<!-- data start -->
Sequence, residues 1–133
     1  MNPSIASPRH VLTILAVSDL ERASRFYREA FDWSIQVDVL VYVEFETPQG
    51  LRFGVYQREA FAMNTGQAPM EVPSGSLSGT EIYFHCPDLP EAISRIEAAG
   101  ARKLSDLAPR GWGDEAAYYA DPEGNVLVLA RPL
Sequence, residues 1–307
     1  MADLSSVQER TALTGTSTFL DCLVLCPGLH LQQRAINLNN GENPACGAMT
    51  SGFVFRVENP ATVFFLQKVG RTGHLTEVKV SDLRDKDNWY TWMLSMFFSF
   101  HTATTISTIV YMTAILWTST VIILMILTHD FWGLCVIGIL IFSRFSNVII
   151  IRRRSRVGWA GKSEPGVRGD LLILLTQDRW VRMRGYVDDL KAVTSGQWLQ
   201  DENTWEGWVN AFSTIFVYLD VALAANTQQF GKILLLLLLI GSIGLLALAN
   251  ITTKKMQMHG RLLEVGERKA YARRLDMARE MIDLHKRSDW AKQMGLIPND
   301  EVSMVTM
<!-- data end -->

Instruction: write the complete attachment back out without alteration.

Sequence, residues 1–133
     1  MNPSIASPRH VLTILAVSDL ERASRFYREA FDWSIQVDVL VYVEFETPQG
    51  LRFGVYQREA FAMNTGQAPM EVPSGSLSGT EIYFHCPDLP EAISRIEAAG
   101  ARKLSDLAPR GWGDEAAYYA DPEGNVLVLA RPL
Sequence, residues 1–307
     1  MADLSSVQER TALTGTSTFL DCLVLCPGLH LQQRAINLNN GENPACGAMT
    51  SGFVFRVENP ATVFFLQKVG RTGHLTEVKV SDLRDKDNWY TWMLSMFFSF
   101  HTATTISTIV YMTAILWTST VIILMILTHD FWGLCVIGIL IFSRFSNVII
   151  IRRRSRVGWA GKSEPGVRGD LLILLTQDRW VRMRGYVDDL KAVTSGQWLQ
   201  DENTWEGWVN AFSTIFVYLD VALAANTQQF GKILLLLLLI GSIGLLALAN
   251  ITTKKMQMHG RLLEVGERKA YARRLDMARE MIDLHKRSDW AKQMGLIPND
   301  EVSMVTM